Wednesday, 13 November 2019

Bristol IMPs: Address Interpretation

In 1997 a project was initiated to improve the 'read' quality of the Optical Character Recognition (OCR) of postcodes in the addresses.  Following initial trials in late 2001 the new technology was trialled in production in Greenford in 2002 and then rolled out nationwide.

Mail items processed using AI technology were identified with an "A" prefix in the Letter Quality Mark (info coming soon on a blog near you !) or in the address/date block.

The "A" prefix was dropped in 2008 at the same time as the implementation of PostJet printers.

In 2001, along with the introduction of Royal Mail’s Address Interpretation (AI) system, video images from all Mail Centres of mail items with unreadable addresses are fed to one of four special handling centres for manual coding.  The four Manual Data Entry Centres (MDECs) are based at Doxford (Sunderland), Plymouth, Stockport and Stoke, and were each equipped with about 400 workstations, though with improved technology the staff at the MDECs has been reducing.

Sunday, 10 November 2019

Bristol IMPs: Redrawn Slogans and different format Date Blocks

In order to rectify the truncated slogans, slogans that were repeated were redrawn as shown in the "MOVING HOME ?" examples below.

The Bristol IMPs continued to use different format date blocks - IMPs 1, 3, 5, 7 and 8 used a 6-line "T" under  "B" format, IMPs 4 and 6 used a 6-line "Taunton" centred format, and IMP2 used a 4-line "Bristol" block.


In November 2009 the IMPs standardised on one format, the 6-line "Taunton" centred form.

Wednesday, 6 November 2019

Bristol IMPs: Truncated Slogans

All of the IMPs started using the 6-line "Royal Mail / Bath Bristol / Taunton" date block apart from IMP 2 which used a "Bristol" 4-line block between May and November 2009.

Use of the 6-line date block caused some slogans to be truncated.

In the sheet below one can see three different formats of the date block:  two different 6-line blocks with "T" under "B" and with "Taunton" centred, and a 4-line block.  The slogan is OK on the 4-line "Bristol" block but is truncated on the top two.

Again the slogan is OK on the bottom 4-line "Bristol" block but truncated on the top two 6-line blocks.

Sunday, 3 November 2019

Bristol IMPs: PostJet and Cueprint slogans

As the cutover of IMPs from Cueprint to PostJet printers continued, slogan cancels in two different formats were being used.  This first slogan was initially produced as "AIR DISPLAY / STAMPS ON SALE" rather than "AIR DISPLAYS / STAMPS ON SALE" but was corrected after a few days.  The top two covers below show the Cueprint slogans with 8 wavy lines, while the bottom is the PostJet slogan with 6 wavy lines.

The "Nominate your / hero" appears in a 3-line format on the Cueprint IMPs and a 2-line format on the PostJet ones.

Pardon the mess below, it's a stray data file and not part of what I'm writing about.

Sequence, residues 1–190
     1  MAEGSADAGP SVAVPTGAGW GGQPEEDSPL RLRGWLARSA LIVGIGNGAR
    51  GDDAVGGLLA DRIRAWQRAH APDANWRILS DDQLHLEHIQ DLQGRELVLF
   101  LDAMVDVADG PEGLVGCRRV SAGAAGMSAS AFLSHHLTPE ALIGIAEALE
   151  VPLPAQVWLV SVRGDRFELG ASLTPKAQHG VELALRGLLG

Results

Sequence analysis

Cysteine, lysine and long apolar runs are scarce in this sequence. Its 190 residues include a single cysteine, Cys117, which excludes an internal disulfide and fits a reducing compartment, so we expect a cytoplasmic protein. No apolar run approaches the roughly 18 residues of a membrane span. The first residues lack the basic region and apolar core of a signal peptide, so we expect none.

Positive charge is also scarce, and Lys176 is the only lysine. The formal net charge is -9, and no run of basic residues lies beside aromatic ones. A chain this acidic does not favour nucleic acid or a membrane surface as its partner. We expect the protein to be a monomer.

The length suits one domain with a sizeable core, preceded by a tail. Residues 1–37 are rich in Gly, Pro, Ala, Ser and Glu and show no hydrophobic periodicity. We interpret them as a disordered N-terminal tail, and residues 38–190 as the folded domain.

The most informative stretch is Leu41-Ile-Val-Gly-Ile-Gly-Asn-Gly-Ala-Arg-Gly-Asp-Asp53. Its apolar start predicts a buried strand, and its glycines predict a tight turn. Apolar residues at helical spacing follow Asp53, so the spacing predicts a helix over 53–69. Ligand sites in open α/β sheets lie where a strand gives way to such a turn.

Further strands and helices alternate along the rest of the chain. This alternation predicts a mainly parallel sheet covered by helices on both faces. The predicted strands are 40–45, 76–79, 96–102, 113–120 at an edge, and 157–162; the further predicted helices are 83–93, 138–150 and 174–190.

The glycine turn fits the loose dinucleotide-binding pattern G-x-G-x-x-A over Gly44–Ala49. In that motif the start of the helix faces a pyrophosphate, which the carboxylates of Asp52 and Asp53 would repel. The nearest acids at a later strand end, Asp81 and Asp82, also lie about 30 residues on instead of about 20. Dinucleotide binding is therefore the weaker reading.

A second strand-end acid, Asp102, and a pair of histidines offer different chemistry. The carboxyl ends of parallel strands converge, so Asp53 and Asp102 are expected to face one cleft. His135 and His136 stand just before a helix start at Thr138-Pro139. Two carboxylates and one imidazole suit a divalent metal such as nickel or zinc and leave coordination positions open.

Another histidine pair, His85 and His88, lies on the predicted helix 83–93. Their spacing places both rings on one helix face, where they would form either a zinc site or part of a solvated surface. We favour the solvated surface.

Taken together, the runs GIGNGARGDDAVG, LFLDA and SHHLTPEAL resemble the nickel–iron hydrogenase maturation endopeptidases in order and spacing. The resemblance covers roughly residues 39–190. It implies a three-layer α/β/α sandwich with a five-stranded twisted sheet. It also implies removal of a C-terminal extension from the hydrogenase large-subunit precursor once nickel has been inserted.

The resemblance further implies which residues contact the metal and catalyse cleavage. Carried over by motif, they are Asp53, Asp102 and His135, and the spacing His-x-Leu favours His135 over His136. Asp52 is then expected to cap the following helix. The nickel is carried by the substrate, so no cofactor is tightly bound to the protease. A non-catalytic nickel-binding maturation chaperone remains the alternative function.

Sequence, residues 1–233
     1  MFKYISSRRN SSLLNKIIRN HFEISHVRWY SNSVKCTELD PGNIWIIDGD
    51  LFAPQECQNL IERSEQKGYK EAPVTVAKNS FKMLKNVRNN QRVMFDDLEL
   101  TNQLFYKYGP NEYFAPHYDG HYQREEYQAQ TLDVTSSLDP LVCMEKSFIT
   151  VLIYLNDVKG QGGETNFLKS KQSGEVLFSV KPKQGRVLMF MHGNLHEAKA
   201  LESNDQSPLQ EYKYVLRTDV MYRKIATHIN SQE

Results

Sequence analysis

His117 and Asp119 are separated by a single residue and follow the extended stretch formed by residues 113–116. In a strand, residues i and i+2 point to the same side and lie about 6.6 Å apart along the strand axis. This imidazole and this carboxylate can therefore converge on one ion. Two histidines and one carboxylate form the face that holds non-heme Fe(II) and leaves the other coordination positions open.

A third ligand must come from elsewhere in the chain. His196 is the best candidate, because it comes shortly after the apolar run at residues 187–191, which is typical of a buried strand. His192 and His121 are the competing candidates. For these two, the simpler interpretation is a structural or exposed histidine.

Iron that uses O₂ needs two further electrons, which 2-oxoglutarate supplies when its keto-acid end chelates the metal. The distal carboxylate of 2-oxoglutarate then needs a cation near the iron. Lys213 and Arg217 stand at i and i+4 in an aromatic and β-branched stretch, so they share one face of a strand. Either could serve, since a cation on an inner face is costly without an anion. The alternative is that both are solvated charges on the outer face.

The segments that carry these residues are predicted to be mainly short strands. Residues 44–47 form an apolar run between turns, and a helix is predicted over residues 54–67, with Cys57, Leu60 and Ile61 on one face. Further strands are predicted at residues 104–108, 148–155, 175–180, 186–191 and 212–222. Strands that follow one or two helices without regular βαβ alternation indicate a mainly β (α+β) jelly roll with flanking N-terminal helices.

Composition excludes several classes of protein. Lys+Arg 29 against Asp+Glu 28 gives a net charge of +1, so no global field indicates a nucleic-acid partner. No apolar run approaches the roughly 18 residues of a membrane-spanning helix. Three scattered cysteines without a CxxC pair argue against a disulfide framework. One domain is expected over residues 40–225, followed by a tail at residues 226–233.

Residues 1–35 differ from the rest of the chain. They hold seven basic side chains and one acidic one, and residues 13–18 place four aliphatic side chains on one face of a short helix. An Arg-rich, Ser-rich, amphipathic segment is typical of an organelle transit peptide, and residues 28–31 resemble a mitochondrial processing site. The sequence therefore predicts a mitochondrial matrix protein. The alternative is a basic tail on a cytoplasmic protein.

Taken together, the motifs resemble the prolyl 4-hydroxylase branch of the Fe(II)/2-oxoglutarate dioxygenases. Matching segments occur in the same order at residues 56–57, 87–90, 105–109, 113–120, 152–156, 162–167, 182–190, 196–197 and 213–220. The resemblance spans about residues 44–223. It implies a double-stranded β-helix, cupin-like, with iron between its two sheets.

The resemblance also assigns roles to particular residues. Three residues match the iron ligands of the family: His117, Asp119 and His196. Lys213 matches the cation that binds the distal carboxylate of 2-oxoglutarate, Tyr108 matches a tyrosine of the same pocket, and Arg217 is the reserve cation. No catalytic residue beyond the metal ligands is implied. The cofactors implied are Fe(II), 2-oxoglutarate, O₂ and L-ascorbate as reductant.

"MOVING / HOME ?" also appears on the Cueprint printers.

Wednesday, 30 October 2019

Bristol IMPs: Introduction of PostJet printers in 2008

After trials in Leeds, IMPs nationwide were converted from Cueprint printers to use Postjet printers between April and October 2008.

Not all the IMPs were changed at the same time.  Bristol implementation started with IMP 3 in May 2008, followed by IMPs 1, 4 and 5, then IMPs 6, 7 and 8.  IMP 2 continued to use the original Cueprint printers into September 2008.

Initial implementation used a "Bristol" 4-line date block (no "Royal Mail") ...

... before cutting over to a "Royal Mail / Bath Bristol / Taunton" 6-line date block, with the "T" of "Taunton" under the "B" of "Bath".

Sunday, 27 October 2019

Bristol IMPs: Test Images

A couple of different test images have been used on the IMPs - these probably should not have been used on live mail.  The first, shorter one, is titled "IMP / PREFLIGHT / Test Image / First Printer" and appears on the back of envelopes.

The second, longer one, is titled "IMP / PREFLIGHT / Test Image / Second Printer" and appears on the front of envelopes.

Wednesday, 23 October 2019

Bristol IMPs: Reduced Form cancels

In September 1997 it was found that on small envelopes the ink used for the postmark (which is printed a fixed distance from the top of an envelope) was interfering with the phosphor reaction of the ink used for the tagcode (which is printed a fixed distance from the bottom of the envelope).

To overcome this problem a Reduced Form of postmark was introduced for envelopes less than 106mm in height.

This first sheet is for "Bristol" ...

... followed by "Bath Bristol" ...

... and "Bath Bristol    Taunton".  The format for this form of cancel varied, the ones below from 1999 & 2000 had a narrow gap between "Royal Mail" and "Bath" ...

... while these from 2002 had a wider gap.